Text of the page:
Tales of a real estate recovery are just that—tales. I’ve been reviewing the data on residential and commercial real estate and things aren’t getting better, rather they are continuing their negative trends. There are pockets of housing recovery, but on a national basis, home prices are still declining. While Commercial real estate (CRE) prices may be bottoming, there is nothing to drive that market and it still has a long way to go.
Residential Real Estate
Lenders Processing Services (LPS) came up with some sobering data in their November report regarding housing from its data base of 40 million mortgages:
- Total U.S. loan delinquency rate (loans 30 or more days past due, but not in foreclosure): 8.15%
- Month-over-month change in delinquency rate: 2.7%
- Year-over-year change in delinquency rate: -9.6%
- Total U.S foreclosure pre-sale inventory rate: 4.16%
- Month-over-month change in foreclosure presale inventory rate: -3.0%
- Year-over-year change in foreclosure presale inventory rate: 2.0%
- Number of properties that are 30 or more days past due, but not in foreclosure: 4,144,000 (A)
- Number of properties that are 90 or more days delinquent, but not in foreclosure: 1,809,000
- Number of properties in foreclosure pre-sale inventory: 2,116,000 (B)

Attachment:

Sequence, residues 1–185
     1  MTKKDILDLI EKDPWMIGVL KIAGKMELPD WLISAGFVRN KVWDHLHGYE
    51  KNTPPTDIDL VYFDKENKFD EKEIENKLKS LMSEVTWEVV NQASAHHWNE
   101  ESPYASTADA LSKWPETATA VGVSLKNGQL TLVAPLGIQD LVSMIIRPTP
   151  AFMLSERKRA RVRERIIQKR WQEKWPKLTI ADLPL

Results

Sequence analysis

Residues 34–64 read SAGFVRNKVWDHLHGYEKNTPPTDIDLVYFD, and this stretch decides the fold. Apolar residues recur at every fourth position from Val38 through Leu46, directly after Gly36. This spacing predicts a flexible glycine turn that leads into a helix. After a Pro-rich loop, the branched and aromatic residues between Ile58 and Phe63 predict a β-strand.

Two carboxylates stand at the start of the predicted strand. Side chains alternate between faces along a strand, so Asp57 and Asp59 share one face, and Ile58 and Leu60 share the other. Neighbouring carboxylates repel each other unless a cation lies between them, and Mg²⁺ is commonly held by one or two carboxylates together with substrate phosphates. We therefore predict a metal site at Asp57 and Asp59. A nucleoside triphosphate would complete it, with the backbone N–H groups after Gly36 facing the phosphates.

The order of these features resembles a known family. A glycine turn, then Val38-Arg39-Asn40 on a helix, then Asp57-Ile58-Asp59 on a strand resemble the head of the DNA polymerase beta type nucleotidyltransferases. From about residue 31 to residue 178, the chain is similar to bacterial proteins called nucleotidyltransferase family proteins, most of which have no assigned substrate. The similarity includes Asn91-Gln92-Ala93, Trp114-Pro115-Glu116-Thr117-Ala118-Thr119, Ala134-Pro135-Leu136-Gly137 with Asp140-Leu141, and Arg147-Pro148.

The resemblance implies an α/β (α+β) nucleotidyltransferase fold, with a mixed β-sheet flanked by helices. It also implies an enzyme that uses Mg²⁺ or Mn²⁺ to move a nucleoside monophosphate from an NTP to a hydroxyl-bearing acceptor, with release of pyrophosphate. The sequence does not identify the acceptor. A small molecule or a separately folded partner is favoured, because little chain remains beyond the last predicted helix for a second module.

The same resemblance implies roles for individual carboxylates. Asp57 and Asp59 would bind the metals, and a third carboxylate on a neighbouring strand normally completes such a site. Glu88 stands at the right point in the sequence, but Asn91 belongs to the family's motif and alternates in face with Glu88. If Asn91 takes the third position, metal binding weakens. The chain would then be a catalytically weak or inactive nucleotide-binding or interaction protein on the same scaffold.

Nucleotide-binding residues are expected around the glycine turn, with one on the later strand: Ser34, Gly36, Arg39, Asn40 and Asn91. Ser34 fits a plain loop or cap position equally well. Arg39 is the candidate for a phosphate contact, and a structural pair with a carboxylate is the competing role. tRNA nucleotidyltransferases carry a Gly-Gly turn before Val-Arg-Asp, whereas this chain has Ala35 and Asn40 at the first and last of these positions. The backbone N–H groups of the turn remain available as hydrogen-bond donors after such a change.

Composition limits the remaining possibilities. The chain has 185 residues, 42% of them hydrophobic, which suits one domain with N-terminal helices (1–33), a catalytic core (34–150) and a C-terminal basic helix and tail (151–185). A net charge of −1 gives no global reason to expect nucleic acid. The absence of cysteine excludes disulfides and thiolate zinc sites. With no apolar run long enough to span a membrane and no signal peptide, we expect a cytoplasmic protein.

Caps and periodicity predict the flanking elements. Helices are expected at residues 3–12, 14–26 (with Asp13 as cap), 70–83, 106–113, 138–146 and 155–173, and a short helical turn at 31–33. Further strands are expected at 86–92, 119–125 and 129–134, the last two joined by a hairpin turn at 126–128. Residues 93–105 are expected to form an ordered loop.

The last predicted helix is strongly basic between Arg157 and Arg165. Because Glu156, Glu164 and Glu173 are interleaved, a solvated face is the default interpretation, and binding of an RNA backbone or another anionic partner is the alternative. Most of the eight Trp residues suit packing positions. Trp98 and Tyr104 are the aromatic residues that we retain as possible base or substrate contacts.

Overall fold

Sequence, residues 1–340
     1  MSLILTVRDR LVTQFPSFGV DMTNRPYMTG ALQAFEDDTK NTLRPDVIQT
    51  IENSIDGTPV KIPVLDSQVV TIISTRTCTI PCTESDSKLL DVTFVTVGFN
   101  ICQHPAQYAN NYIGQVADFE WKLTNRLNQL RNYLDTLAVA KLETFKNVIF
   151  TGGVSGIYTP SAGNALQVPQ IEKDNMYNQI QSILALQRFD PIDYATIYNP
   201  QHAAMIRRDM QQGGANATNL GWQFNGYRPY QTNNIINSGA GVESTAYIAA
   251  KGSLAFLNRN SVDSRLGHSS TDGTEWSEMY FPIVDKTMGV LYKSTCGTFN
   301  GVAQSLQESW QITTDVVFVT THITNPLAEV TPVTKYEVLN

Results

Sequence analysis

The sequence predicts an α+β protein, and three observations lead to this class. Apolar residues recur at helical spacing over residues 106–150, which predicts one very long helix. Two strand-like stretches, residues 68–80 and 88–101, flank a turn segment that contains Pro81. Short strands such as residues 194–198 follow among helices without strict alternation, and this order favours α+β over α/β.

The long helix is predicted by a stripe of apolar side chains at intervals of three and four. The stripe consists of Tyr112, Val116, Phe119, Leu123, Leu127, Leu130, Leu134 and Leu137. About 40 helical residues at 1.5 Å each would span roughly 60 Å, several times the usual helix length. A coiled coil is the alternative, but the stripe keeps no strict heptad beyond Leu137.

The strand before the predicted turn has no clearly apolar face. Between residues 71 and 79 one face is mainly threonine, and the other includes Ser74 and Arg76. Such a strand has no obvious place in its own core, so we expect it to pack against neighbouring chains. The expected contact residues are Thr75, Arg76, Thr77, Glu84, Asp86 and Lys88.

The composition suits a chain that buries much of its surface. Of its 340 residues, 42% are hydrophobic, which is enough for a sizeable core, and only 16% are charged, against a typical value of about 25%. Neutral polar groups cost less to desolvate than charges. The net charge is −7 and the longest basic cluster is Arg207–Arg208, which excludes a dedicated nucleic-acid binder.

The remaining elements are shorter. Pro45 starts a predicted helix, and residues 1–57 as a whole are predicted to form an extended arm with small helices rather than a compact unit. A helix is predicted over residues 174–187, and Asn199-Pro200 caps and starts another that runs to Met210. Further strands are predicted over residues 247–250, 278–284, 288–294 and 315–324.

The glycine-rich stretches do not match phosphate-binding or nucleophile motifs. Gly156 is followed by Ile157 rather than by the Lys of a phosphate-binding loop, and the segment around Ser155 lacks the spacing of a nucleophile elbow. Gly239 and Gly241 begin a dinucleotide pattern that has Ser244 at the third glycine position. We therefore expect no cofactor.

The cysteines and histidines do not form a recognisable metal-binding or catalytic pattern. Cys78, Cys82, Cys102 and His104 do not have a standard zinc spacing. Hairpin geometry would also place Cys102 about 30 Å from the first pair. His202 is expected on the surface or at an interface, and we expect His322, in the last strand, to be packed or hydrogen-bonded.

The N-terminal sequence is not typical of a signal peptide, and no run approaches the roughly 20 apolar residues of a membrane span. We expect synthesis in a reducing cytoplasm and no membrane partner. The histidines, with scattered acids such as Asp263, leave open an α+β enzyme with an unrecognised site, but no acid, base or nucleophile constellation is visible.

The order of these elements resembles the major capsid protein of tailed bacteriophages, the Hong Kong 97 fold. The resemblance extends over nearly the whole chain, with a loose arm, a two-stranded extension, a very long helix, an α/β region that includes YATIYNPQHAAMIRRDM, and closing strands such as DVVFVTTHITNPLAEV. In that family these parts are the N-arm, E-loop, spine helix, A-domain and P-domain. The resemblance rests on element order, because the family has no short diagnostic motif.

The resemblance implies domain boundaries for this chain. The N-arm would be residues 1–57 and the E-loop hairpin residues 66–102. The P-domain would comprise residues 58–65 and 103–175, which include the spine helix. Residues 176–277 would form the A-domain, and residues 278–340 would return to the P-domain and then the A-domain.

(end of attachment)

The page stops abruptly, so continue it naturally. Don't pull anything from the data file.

- Number of properties that are 30 or more days delinquent or in foreclosure: (A+B) 6,260,000
- States with highest percentage of non-current* loans: FL, MS, NV, NJ, IL
- States with the lowest percentage of non-current* loans: MT, SD, WY, AK, ND
*Non-current totals combine foreclosures and delinquencies as a percent of active loans in that state.
The S&P/Experian Credit Default Indices showed a third consecutive monthly increase in national default rates in November.
“As we indicated last month, the weight of first mortgage default rates tends to drive the trend in the national composite,” says David M. Blitzer, Managing Director and Chairman of the Index Committee for S&P Indices. “First mortgage default rates rose for the third consecutive month, leading the same pattern for the composite. Since August, first mortgage default rates have risen from 1.92% to the 2.17% November rate, or 0.25 percentage points. The composite has also risen in each of those three months, from 2.04% to 2.22%. …
“Looking at the regions, all five saw their rates increase. Los Angeles saw the largest increase, moving from 2.15% in October to 2.53% in November, which is a fairly significant 0.39 percentage points. Miami was not far behind, moving from 4.16% to 4.47%. These are two markets where we have seen some recent weakness in other housing statistics. Again, while there may be some cause for concern if this upward trend continues. [sic] Other recent housing statistics point to the same relative weakness, so these statistics align with the overall current picture of the economy.”
The hot markets (Orlando, Tampa, Jacksonville and Miami) appear to be cooling: